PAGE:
Not a lot of news breaks backstage at the Golden Globes — as the new winners filter in to speak with the press, the emphasis is on celebrating these triumphs.
It’s a loose, fun atmosphere, albeit one that allows creative people to speak about their passions, and some amazing moments tend to ensue along the way.
“Moonlight” director Barry Jenkins’ mother has still not seen her son’s film. “Mom wants to see it on the small screen, which as a filmmaker makes me cringe,” he said. However, he acknowledged her desire to experience the film on her own terms and “make her peace with it.”
And while she hasn’t seen the film, she has been following its journey through awards season. “Every interview you give,” he said to Best Supporting Actor nominee Mahershala Ali, “she watches.”
In case you were worried, never fear: Best Supporting Actor in a Drama Aaron Taylor-Johnson was in fact wearing a Tom Ford suit, appropriate given that he was winning for Ford’s film “Nocturnal Animals.”
It was a pretty nice suit.
When Viola Davis came backstage, she had plenty to say about having won Best Supporting Actress for her work in “Fences,” noting that the concept of bringing the Tony-winning play to the screen “felt very natural and fluid.” Of the play, she noted that “I like the stories of the smaller people — I think that it’s universal and inclusive.”
How would she be celebrating that night? “I’m not going to get in my jacuzzi because it’ll be too late,” she said. “So I’ll take a shower and have another glass of prosecco with my husband [producer Julius Tennon].”
When it comes to her awards, she says that she now hands them off to Tennon, because “after tonight I got to put this away and get back to work.” Tennon puts them in their office, on a shelf.
Davis and Tennon have been married since 2003 — Davis, on what makes her marriage work: “It’s wanting the best for him as much as he wants the best for me. That’s the truest foundation of love.”
Best Supporting Actor in a Limited Series winner Hugh Laurie, who is not a short gentleman, had some issues with the height of the microphone. But that didn’t stop him from proving that he’s one of the wittiest actors working today.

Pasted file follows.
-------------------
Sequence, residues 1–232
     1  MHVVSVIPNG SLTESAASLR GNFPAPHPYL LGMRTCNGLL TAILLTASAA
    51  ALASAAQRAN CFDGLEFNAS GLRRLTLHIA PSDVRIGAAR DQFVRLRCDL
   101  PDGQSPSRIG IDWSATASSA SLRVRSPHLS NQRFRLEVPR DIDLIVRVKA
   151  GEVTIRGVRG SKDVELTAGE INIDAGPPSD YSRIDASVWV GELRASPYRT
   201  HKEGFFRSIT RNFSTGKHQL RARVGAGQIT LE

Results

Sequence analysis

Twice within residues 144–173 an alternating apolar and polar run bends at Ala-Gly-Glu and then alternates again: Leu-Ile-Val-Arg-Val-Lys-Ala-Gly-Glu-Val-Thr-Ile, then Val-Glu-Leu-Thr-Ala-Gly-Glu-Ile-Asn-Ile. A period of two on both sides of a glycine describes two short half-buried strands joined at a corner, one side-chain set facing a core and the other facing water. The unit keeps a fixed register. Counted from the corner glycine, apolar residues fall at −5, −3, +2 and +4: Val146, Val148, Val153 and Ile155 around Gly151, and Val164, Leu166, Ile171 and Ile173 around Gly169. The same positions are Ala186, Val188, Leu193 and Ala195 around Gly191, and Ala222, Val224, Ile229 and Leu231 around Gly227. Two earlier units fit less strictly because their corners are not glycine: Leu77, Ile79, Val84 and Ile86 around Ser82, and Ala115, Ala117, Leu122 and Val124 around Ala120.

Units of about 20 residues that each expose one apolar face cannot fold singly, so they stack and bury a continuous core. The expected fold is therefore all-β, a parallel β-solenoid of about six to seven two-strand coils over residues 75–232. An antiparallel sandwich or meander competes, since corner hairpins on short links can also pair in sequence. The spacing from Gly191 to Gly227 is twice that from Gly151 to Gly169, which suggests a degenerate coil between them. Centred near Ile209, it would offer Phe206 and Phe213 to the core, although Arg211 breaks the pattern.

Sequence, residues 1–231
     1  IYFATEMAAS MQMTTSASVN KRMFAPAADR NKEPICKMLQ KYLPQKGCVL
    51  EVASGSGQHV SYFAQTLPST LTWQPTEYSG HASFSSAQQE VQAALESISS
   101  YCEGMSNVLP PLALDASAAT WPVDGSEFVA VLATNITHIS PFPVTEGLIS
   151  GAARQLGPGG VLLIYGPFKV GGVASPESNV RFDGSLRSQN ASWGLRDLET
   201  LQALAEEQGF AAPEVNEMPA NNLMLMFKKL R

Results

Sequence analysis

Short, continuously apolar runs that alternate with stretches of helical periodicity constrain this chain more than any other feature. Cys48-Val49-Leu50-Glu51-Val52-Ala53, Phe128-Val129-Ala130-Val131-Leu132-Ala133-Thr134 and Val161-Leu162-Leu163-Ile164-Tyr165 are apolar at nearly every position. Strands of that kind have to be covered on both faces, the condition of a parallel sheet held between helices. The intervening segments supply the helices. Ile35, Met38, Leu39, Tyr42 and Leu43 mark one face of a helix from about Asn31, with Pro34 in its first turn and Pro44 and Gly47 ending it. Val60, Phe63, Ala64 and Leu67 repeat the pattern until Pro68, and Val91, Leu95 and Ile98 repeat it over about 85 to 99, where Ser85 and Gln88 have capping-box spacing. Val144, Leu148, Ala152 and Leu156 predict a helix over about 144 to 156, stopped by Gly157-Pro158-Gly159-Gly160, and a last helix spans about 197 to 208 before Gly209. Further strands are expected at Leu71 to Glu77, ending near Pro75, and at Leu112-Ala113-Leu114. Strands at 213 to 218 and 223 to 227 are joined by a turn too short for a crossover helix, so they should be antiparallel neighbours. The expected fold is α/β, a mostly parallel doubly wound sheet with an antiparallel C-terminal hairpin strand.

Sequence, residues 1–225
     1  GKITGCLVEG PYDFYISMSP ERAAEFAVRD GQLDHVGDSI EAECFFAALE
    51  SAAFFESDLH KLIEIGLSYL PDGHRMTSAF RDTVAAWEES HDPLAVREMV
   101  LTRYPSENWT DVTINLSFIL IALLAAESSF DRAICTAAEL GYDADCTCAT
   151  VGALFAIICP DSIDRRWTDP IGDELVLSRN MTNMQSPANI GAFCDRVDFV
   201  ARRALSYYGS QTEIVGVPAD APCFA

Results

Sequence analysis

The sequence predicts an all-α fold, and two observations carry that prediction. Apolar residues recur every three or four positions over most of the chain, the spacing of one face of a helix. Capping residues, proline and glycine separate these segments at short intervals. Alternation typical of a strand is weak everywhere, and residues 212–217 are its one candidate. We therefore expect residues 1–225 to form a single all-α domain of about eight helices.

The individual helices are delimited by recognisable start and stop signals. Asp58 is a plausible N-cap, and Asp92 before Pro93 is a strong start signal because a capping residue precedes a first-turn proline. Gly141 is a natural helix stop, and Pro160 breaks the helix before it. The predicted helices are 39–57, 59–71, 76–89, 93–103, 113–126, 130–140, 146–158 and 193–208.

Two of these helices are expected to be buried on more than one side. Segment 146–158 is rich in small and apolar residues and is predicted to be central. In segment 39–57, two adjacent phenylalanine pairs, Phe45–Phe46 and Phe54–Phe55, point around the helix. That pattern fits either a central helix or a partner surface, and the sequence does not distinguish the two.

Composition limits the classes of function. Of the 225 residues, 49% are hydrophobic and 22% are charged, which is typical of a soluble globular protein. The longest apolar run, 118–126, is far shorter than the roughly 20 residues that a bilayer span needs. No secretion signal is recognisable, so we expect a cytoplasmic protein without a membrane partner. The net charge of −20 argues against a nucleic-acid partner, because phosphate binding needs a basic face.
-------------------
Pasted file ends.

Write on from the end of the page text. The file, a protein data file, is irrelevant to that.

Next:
With regard to Susanne Bier, the director behind “The Night Manager,” he said that he’d follow her to “the ends of the earth,” so impressed was he by her “intellect and her passion and energy and taste.
Then, he paused. “‘The Ends of the Earth’ is probably a cable drama now, so I’d have to read the script first.” (That does sound like something a cable drama would be called.)
Laurie also revealed that while he was researching the role of “The Night Manager’s” Richard Roper, there was no way for him to speak with the sort of dangerous arms dealer he was depicting. “I was legally prevented from researching those characters. Under no circumstances could I talk to them,” he said. The reason was that to do so would potentially expose them and their activities, and make him vulnerable to a lawsuit or worse.
“Suing would be the best I could hope for,” he said. “They might send ‘the boys’ around.”
“La La Land” composer Justin Hurwitz double-fisted his wins for Best Original Score and Best Original Song while rattling off a list of his inspirations for the modern-day musical. Among them? Bernard Hermann and Charlie Chaplin “as a composer.”
“All sorts of inspriations from all kinds of eras,” he summed up.
Tracee Ellis Ross